Courses

For the college’s course catalog, please visit the Courses section. For courses currently offered, please visit the Schedule of Classes.

Introductory Topics in Education (EDUC-199)
A general category used only for the evaluation of transfer credit.
The U.S. Education System (EDUC-213)
Students will develop a thorough and systematic understanding of the development of education and schooling in the United States. Relationships between school and society will be analyzed primarily from a historical perspective. Themes include the connection between liberty and literacy, centralized versus local control of schools, expansion of schooling, inequities in schooling, and the differentiated curriculum.
Approaches to Environmental Education (EDUC-220)
Environmental education is a broad term, encompassing a large array of ideas concerned with the purpose of and approach to engagement with the physical environment that should ultimately lead to environmental stewardship. Approaches to Environmental Education will address the "what" and "how" of environmental education. Students will be exposed to the various definitions and purposes of environmental education as well as the multiple approaches used to achieve these purposes. Through readings and hands-on experiences we will explore multiple practices in the field. Finally, we will develop our own environmental education curriculum based on our experiences in the class.
Technology & Learning (EDUC-245)
This course will explore a variety of technology (emphasis on multi-media and Web 2.0 tools) so students interested in the field of education will not only become proficient in the practical use of technology, but determine when technology is appropriate, how it can be used to enhance learning and how to assess its usefulness in the academic setting. This course will include a combination of discussion, lecture, video, and hands-on computer work. Attendance at evening lectures may be required.
The Learner and the Teacher: Childhood (EDUC-249)
This course explores the learning-teacher process in the elementary grades. Topics for the course include learning theories, developmental patterns of the young child, learning profiles, differentiated instruction, and methods of teaching. This course includes a three-hour commitment each week to an area school classroom. The student will complete a variety of activities that focus on the learner, the teacher and the learning-teaching process, using the school experience as a "laboratory" to gather primary sources of information. A fee is required for state-mandated background check. Normally offered Spring semester. Prerequisite: PSYC 100.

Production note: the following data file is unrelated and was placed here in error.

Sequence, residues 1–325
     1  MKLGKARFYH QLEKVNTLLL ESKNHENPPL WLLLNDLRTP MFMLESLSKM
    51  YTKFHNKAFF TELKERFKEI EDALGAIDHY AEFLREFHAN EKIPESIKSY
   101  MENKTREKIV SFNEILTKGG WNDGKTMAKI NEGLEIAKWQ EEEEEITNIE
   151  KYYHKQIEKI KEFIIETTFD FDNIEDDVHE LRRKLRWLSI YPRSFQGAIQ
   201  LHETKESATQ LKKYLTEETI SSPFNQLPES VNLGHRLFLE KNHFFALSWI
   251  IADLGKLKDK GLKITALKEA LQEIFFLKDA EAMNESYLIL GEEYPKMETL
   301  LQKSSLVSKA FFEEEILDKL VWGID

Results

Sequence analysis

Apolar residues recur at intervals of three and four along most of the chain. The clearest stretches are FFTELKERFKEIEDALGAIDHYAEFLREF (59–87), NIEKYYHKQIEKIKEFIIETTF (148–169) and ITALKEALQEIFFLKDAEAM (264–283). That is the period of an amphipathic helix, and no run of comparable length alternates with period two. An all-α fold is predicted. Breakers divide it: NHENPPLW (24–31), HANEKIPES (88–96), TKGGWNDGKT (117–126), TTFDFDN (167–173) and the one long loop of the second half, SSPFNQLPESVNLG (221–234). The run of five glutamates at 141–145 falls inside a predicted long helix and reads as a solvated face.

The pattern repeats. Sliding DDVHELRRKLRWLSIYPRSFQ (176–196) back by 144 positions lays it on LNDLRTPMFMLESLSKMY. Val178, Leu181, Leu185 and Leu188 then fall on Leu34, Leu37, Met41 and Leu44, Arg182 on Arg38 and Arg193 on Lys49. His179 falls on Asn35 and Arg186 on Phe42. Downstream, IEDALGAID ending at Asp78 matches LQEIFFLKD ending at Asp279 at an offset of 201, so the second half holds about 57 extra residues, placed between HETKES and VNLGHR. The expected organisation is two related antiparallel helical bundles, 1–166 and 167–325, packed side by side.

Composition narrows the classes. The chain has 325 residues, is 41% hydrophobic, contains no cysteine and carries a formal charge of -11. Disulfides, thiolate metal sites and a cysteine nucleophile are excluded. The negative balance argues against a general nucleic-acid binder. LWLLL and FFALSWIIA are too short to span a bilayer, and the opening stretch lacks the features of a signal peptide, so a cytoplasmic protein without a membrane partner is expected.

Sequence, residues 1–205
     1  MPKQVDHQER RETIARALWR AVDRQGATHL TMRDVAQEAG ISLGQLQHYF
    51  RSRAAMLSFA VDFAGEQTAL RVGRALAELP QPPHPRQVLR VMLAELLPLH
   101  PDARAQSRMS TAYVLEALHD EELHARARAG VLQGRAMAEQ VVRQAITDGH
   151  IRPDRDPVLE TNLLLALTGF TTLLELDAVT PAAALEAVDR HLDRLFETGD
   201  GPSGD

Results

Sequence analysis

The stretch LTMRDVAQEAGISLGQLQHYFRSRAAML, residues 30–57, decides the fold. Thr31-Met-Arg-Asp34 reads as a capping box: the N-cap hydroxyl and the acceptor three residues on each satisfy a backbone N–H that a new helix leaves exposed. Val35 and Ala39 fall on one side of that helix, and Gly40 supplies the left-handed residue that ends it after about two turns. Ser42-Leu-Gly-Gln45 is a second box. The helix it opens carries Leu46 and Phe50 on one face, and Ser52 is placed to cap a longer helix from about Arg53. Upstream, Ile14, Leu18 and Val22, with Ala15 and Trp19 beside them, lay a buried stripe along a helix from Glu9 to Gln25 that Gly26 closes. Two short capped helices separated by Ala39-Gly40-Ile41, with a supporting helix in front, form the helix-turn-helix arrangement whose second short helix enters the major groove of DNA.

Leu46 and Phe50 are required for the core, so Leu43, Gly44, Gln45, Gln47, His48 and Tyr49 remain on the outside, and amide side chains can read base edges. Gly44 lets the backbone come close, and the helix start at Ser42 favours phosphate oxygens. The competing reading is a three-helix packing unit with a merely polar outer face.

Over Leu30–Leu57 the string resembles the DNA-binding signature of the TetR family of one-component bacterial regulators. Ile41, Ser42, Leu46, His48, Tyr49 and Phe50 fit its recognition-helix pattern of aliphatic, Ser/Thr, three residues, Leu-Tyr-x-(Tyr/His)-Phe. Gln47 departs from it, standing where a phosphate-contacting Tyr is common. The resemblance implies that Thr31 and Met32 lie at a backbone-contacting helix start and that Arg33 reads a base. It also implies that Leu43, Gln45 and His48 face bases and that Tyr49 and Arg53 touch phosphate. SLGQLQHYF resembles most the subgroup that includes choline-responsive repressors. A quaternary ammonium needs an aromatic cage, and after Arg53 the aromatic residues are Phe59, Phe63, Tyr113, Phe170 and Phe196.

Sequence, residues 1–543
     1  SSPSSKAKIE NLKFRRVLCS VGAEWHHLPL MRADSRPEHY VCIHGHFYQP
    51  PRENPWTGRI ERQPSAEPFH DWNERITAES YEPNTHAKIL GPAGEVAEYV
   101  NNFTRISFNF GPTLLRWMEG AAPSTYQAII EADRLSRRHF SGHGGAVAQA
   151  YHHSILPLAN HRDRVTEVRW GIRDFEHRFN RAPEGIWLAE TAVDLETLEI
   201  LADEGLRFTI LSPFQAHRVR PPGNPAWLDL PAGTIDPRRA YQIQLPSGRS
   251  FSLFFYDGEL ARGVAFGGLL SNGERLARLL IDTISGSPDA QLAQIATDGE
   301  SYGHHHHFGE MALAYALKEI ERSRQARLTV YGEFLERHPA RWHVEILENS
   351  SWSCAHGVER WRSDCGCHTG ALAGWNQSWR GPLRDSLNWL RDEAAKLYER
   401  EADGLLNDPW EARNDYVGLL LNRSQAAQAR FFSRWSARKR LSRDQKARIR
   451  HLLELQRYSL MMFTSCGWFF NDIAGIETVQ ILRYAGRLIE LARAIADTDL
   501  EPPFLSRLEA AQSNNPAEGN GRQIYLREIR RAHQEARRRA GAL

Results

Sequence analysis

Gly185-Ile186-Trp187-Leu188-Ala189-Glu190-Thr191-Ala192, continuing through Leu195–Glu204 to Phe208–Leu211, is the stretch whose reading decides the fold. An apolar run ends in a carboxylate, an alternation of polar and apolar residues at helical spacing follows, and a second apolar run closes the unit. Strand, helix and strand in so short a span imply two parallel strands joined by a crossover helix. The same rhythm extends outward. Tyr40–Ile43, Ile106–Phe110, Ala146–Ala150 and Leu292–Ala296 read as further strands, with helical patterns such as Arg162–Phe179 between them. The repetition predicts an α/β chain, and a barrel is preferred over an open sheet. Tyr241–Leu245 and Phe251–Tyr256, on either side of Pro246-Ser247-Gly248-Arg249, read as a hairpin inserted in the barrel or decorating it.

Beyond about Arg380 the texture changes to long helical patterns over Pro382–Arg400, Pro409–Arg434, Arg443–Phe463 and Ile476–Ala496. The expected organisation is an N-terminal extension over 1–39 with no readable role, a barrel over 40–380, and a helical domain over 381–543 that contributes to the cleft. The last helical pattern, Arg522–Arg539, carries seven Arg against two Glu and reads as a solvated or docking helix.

The Learner and the Teacher: Adolescence (EDUC-250)
This course explores the learning-teaching process in middle and high school environments. Topics draw from neuroscience research on learning, multiple intelligence theory, and scholarship on issues regarding peer socialization, mental health, body image, gender and sexual identity, and active participation strategies. This course includes a three-hour commitment each week to an area school classroom or community agency. The student will complete a variety of activities that focus on the learner, the teacher, and the learning-teaching process, using the school or agency experience as a "laboratory" to gather primary sources of information. A fee is required for state-mandated background check. Normally offered Fall semester. Prerequisite: PSYC 100.
General Methods of Teaching (EDUC-270)
This course is designed to extend students' understanding of the discipline of teaching and provide in-depth practice of strategies introduced in previous courses. Elements include planning, instructional strategies, assessment, motivation, student groupings and classroom management. Assignments require students to put course concepts into practice. Normally offered Spring semester. Prerequisite: EDUC 249 or EDUC 250.
Field Experience (EDUC-280)